BEIJING, Oct. 18 (UPI) -- Giant pandas survive on a very un-bear-like diet of hard-to-digest bamboo because they carry around digestive helpers in their gut, Chinese researchers say.
While pandas are closely related to meat-eating bears, their vegetarian diet consists almost exclusively of bamboo that is full of hard-to-digest cellulose.
Most mammals lack the ability to break down cellulose.
"If fully degraded, cellulose can contribute nearly half of the calories in bamboo," researcher Fuwen Wei of the Chinese Academy of Sciences told LiveScience.com in an e-mail. "However, because cellulose is very difficult to be digested, the real percent of the calories of cellulose in bamboo available for giant pandas is very low."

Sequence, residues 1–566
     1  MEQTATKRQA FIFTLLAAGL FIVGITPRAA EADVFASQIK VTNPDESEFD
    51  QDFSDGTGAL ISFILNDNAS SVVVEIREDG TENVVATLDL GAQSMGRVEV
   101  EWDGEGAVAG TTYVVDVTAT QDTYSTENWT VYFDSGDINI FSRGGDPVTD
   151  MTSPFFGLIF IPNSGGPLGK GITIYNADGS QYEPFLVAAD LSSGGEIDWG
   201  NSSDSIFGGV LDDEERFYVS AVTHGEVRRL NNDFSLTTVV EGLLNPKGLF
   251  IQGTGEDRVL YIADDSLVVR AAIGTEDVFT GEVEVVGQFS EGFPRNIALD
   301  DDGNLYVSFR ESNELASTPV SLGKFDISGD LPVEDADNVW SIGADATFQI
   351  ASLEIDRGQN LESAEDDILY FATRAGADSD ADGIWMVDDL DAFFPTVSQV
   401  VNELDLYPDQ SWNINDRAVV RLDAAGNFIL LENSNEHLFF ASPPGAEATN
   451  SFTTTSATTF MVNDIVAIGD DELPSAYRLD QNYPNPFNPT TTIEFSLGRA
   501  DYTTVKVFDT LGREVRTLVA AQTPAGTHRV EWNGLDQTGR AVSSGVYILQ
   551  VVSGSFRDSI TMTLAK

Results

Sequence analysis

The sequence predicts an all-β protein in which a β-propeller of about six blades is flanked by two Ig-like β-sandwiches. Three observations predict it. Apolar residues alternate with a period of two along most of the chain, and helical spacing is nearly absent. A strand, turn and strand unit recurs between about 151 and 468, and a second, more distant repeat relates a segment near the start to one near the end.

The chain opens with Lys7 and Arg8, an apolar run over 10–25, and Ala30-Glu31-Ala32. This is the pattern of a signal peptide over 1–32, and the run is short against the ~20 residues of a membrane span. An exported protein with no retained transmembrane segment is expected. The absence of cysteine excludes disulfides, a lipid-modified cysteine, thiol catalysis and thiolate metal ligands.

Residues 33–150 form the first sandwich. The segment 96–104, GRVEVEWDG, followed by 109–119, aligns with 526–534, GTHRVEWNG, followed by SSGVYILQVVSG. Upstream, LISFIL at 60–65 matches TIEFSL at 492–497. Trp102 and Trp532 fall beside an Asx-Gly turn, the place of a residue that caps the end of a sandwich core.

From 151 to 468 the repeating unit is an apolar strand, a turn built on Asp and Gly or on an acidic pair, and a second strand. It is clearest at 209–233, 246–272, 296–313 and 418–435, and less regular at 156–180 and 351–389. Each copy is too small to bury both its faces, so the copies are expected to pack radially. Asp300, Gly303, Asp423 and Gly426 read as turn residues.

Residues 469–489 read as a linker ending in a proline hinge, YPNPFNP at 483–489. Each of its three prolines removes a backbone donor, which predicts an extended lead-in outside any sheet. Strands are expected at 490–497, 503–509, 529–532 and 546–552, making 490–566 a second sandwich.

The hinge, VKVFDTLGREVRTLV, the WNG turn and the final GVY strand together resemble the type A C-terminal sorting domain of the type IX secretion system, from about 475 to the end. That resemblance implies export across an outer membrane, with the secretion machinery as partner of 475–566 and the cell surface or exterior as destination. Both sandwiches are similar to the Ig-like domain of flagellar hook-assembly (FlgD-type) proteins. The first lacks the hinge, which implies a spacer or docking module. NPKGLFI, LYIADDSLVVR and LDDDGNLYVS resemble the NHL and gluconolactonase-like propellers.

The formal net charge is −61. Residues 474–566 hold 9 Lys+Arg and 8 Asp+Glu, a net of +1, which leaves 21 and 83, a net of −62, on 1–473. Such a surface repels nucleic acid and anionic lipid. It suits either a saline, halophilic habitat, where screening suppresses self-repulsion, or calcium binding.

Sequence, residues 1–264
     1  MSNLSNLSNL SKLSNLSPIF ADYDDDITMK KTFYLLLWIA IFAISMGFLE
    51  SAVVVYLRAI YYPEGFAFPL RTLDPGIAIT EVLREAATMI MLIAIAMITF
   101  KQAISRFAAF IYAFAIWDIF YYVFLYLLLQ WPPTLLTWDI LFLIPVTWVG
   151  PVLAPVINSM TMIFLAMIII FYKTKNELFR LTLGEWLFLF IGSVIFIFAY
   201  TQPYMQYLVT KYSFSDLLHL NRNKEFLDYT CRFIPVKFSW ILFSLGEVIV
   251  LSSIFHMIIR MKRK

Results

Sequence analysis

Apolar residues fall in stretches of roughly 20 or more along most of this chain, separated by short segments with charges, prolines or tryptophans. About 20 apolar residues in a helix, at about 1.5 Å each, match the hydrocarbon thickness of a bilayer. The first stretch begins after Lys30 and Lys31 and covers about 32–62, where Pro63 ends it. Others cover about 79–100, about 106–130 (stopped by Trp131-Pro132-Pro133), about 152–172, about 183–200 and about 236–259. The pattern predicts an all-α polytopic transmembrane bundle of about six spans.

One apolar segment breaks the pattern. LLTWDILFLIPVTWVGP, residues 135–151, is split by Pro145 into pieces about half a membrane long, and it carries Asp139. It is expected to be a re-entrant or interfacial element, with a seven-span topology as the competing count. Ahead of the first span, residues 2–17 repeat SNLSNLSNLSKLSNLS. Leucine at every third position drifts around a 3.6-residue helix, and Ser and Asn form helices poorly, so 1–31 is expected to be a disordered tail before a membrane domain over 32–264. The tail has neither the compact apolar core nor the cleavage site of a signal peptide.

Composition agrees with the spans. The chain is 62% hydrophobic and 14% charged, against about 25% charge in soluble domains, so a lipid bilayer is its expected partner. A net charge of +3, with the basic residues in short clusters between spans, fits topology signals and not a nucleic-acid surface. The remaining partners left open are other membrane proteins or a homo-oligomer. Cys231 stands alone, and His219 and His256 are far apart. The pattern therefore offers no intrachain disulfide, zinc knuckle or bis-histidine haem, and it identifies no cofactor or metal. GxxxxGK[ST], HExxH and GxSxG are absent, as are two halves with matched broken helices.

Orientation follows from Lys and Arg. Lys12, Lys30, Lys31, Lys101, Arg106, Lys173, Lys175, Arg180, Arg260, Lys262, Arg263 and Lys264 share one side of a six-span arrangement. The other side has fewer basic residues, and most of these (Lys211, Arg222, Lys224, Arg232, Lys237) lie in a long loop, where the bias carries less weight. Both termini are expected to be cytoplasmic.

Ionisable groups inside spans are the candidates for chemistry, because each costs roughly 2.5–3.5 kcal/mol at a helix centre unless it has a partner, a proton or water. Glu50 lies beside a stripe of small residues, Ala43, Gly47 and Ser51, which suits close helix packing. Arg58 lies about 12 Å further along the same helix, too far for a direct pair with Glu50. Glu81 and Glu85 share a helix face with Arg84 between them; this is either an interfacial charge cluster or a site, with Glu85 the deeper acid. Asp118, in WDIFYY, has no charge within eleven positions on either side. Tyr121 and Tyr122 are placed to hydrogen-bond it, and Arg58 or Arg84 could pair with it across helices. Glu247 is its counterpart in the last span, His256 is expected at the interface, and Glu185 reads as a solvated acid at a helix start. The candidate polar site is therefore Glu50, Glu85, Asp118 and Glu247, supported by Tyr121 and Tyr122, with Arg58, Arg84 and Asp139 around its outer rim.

So how do panda's survive on a steady diet of bamboo? It's all down to bacteria, the researchers said.
Their studies found that panda guts are full of cellulose-degrading bacteria.
"It is highly possible that it is this kind of bacterium [that] plays an essential role in the degradation of cellulose of the giant panda," Fuwen said.
The bacteria, along with a strong jaw and thumb-like bones on their paws, enables the pandas to gather, eat and digest bamboo and the cellulose within it, the researchers said.